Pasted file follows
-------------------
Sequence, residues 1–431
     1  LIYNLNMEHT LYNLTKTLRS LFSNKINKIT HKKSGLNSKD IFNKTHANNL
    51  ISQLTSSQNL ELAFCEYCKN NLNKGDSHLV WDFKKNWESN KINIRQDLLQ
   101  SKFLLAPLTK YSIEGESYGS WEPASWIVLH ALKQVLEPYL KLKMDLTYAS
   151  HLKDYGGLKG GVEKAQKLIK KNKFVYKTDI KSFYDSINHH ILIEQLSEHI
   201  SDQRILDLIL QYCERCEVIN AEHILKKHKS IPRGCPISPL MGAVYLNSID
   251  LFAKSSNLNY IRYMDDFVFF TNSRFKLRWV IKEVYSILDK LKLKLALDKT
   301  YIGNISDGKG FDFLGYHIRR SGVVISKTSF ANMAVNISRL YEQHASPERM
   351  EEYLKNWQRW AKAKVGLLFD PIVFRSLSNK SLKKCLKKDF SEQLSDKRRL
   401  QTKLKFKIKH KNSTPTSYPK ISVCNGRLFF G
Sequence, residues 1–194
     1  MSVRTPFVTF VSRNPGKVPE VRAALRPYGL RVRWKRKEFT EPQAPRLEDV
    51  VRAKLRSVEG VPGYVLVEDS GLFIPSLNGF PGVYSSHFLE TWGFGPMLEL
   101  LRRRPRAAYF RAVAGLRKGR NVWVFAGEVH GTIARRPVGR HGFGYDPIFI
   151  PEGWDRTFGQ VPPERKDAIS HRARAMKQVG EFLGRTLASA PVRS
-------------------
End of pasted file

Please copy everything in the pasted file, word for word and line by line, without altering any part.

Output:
Sequence, residues 1–431
     1  LIYNLNMEHT LYNLTKTLRS LFSNKINKIT HKKSGLNSKD IFNKTHANNL
    51  ISQLTSSQNL ELAFCEYCKN NLNKGDSHLV WDFKKNWESN KINIRQDLLQ
   101  SKFLLAPLTK YSIEGESYGS WEPASWIVLH ALKQVLEPYL KLKMDLTYAS
   151  HLKDYGGLKG GVEKAQKLIK KNKFVYKTDI KSFYDSINHH ILIEQLSEHI
   201  SDQRILDLIL QYCERCEVIN AEHILKKHKS IPRGCPISPL MGAVYLNSID
   251  LFAKSSNLNY IRYMDDFVFF TNSRFKLRWV IKEVYSILDK LKLKLALDKT
   301  YIGNISDGKG FDFLGYHIRR SGVVISKTSF ANMAVNISRL YEQHASPERM
   351  EEYLKNWQRW AKAKVGLLFD PIVFRSLSNK SLKKCLKKDF SEQLSDKRRL
   401  QTKLKFKIKH KNSTPTSYPK ISVCNGRLFF G
Sequence, residues 1–194
     1  MSVRTPFVTF VSRNPGKVPE VRAALRPYGL RVRWKRKEFT EPQAPRLEDV
    51  VRAKLRSVEG VPGYVLVEDS GLFIPSLNGF PGVYSSHFLE TWGFGPMLEL
   101  LRRRPRAAYF RAVAGLRKGR NVWVFAGEVH GTIARRPVGR HGFGYDPIFI
   151  PEGWDRTFGQ VPPERKDAIS HRARAMKQVG EFLGRTLASA PVRS